The central courtyard behind the corridor is separated by high walls, but we want continuous flow of nature and the spirit of the mountain. We designed several mountain-shaped islands at the core of the courtyard, as if the mountain was washed into them. Viewing from certain angles, the courtyard becomes an extension of the mountains far away. A thin long water system flows from the main building to the core of the courtyard, separating the building clusters, disappearing in the Water Plate. The Water Plate is designed to have stable water level with drainage system. Our message here is the circulation of water enriches the land and forest.
In front of the Courtyard we receded one floor of the building to nature. Looking out from the viewing frame on the first floor, the grass by the lake bank is the best intimacy with nature we present to the locals. Large spaces are intentionally empty, serving as a drawing board for nature. As season changes, the mountains far away and the lake are always the only lead actors of the show. The project started in 2019 and was suspended and adjusted for various reasons. Covid added another layer of the presentation of the site – the lake and mountain became the refuge when people want to escape into nature. There are so many stories and incidents in the progress of the project – changes and suspense throughout. The good thing was we always practiced restrain and let nature thrive in our design. We hope the village would continue to grow as developments progress, extending our conceptual exploration of an organic village.
Between the mountains and the lake, we have been exploring the blend of future living and nature. This includes way of life, material, and construction. Whether to develop or protect, raw or fine, heavy or light, all these balances and tradeoffs are in our thoughts when living with nature. We used locally-sourced stones to connect the project with nature, with unique handcraft that brings out its dignified nature. They become the base of buildings. We utilised light wooden materials where human activity touches, including parts of walls and floors.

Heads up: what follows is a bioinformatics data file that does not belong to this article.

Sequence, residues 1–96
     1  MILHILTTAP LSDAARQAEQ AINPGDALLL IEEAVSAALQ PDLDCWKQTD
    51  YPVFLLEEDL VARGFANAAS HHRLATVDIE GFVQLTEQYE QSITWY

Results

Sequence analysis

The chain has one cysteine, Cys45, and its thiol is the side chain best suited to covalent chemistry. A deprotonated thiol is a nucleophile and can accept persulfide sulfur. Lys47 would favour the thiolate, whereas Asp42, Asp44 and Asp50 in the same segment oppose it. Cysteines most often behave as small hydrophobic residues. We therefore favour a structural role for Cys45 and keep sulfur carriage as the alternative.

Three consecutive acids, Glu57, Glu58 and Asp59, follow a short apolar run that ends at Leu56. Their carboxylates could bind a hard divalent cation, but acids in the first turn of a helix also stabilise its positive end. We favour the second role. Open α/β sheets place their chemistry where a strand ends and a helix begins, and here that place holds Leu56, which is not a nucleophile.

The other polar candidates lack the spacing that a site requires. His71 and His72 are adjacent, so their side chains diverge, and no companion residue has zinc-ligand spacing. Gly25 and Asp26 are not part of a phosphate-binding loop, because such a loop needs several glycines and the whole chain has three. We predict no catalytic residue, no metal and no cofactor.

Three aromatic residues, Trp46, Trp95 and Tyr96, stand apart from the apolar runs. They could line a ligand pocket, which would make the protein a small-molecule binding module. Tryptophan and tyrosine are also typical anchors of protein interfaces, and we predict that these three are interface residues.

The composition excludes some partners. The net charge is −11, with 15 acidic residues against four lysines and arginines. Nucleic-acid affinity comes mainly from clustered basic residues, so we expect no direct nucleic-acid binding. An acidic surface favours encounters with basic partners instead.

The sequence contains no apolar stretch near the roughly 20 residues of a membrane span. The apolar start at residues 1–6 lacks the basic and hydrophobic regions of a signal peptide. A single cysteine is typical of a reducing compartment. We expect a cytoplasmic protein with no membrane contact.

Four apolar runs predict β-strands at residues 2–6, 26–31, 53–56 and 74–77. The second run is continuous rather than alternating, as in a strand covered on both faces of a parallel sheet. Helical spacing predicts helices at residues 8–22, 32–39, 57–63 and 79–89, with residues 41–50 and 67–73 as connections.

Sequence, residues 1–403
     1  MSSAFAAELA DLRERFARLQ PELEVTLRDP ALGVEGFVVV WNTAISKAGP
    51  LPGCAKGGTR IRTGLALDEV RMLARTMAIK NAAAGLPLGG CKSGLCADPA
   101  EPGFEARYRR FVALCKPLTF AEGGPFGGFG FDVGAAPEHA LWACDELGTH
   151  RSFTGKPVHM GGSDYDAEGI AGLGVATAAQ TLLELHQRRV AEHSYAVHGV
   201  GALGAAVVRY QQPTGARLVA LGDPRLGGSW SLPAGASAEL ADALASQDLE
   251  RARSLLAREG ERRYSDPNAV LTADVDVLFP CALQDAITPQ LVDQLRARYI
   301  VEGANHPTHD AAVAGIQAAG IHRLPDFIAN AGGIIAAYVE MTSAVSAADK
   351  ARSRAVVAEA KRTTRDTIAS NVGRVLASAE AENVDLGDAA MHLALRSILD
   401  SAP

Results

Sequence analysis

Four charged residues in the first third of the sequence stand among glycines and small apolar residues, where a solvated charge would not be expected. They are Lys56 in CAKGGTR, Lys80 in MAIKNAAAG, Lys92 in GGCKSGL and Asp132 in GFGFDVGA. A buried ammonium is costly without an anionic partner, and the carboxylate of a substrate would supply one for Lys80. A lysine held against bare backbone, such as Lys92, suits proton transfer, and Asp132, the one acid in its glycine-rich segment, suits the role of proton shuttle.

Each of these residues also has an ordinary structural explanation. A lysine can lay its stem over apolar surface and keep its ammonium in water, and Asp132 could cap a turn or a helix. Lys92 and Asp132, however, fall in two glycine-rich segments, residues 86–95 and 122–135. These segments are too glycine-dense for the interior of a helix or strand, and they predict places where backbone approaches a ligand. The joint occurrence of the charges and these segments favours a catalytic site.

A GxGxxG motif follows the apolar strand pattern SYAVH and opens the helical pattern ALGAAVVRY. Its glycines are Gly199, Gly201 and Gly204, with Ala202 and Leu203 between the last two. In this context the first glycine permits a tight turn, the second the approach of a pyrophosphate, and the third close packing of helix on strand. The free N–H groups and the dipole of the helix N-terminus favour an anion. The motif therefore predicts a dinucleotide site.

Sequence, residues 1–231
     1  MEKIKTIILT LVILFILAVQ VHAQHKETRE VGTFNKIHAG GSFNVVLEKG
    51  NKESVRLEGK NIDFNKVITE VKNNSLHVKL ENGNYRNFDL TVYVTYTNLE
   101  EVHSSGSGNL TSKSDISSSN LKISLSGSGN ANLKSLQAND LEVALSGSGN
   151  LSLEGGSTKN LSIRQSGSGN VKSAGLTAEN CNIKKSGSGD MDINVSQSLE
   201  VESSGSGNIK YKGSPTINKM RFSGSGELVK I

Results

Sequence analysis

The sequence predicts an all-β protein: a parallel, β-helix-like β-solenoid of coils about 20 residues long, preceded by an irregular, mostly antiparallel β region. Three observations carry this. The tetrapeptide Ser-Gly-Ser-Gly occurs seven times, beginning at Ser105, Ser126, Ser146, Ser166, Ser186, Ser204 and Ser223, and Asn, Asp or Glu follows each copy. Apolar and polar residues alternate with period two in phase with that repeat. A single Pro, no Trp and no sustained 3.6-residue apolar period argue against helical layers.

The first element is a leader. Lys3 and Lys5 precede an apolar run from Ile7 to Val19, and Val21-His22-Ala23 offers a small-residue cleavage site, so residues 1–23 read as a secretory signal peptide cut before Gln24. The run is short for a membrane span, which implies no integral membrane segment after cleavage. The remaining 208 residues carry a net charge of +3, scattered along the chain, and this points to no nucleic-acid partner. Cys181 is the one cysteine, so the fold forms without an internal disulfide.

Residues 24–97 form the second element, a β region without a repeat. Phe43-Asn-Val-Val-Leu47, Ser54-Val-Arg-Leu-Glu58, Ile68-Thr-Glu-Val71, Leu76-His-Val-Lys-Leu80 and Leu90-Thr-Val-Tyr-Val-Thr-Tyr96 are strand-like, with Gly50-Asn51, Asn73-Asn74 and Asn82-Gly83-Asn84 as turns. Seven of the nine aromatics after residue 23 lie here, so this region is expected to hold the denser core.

Forest and lake are where nature is. This project is a demonstration of Change Studio’s long tradition of utilisation of plants. We explored using young trees from the original forest as a medium between nature and people. The soft and light branches and leaves balances the hard roads, walls, and stones. Examples include the garden of stone and flowers in front of the separation wall, the rosemary garden between wooden platforms, and the leaves grown out from the gaps of the stream bed stones. Empty spaces intentionally left between planting plots leaves future space for them to grow, and time will surprise. Now these new residents will sprout and grow into part of the nature they share with the original forest and the lake.
Architectural Design: HHD-sz
Photography: Ning Wang
Project location: Jiulong Lake, Ningbo City, Zhejiang Province,China
Design year: 2020